Loibl, C. & Scharff, R. L. (2010). Examining the effect of expressing a quantitative goal on consumer savings. Journal of Consumer Affairs, 44, (1): 127-154. http://dx.doi.org/10.1111/j.1745-6606.2010.01160.x.
Brief Description: The study extended the psychological concept of implementation intentions to the analysis of savings behavior. A field experiment was conducted with current participants of an America Saves campaign in a large city in a U.S. Midwestern state. The intervention required the treatment group participants to write down specific plans about the upcoming month’s amount of savings deposit, the mode of deposit, the date of deposit, and the source of income for the deposit. In contrast to the rich implementation literature, those who were asked to make these action plans deposited less than the control group, who was asked to only indicate whether they intend to make a savings deposit in the next month.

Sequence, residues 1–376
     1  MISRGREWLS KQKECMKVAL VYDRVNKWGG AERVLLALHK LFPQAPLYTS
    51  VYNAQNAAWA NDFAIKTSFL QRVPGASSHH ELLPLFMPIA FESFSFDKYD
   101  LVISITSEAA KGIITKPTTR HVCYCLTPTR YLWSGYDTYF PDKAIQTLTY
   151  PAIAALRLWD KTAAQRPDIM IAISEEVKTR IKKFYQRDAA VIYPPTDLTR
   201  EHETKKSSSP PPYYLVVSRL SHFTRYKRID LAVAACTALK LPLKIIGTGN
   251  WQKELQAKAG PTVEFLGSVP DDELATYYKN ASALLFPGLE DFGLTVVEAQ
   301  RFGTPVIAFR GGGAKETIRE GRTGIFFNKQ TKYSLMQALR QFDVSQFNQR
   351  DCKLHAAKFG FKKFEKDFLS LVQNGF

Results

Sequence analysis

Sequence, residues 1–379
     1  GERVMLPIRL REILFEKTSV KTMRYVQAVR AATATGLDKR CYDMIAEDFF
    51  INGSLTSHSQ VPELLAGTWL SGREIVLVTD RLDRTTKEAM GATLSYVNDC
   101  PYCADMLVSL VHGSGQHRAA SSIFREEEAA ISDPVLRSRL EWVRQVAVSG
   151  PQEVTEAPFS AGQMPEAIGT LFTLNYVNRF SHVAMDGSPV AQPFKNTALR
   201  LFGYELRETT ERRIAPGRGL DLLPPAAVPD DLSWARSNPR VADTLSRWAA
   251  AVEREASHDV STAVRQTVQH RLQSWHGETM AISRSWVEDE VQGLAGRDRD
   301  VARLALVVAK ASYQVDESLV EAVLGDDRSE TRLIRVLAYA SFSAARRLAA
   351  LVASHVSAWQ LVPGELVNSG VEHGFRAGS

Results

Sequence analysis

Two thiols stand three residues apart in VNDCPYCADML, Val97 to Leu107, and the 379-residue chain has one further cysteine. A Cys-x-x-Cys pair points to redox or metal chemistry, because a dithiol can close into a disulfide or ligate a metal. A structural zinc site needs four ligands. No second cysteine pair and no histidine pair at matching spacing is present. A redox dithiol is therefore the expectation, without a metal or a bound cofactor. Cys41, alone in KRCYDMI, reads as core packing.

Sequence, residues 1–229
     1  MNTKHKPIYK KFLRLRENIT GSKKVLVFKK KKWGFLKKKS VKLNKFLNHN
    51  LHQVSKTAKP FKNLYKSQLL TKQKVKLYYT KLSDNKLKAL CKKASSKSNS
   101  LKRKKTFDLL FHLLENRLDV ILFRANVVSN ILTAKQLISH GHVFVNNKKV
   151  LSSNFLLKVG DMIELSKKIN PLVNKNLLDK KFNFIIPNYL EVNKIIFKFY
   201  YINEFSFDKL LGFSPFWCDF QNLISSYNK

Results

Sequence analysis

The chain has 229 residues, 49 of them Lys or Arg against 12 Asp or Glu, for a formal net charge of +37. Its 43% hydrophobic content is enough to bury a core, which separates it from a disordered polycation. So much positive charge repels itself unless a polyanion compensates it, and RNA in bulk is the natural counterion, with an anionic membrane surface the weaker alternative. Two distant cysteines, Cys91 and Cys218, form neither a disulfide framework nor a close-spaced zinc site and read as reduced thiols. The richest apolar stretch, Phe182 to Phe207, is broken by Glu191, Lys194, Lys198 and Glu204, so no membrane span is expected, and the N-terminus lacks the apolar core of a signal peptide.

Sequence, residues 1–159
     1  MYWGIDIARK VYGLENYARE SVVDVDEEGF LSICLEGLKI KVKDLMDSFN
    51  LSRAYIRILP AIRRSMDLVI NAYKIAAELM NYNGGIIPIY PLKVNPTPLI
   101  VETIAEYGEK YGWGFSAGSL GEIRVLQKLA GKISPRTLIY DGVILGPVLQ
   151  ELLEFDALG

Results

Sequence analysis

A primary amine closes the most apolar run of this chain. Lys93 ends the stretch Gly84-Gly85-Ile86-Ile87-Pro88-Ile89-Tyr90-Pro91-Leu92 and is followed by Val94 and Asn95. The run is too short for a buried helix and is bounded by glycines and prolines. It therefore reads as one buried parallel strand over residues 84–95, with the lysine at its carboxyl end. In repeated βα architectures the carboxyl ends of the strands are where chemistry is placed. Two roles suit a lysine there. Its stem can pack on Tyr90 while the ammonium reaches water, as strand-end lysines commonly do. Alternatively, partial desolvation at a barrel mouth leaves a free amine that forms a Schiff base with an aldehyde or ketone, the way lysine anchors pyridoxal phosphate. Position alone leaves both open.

Implications: The study documents the power of psychological nudges for savings behavior. Strict savings goals were shown to inhibit savings for a group of America Saves campaign participants. Several concepts that explain the unexpected finding, such as mental accounting and the “what-the-hell-effect” are discussed.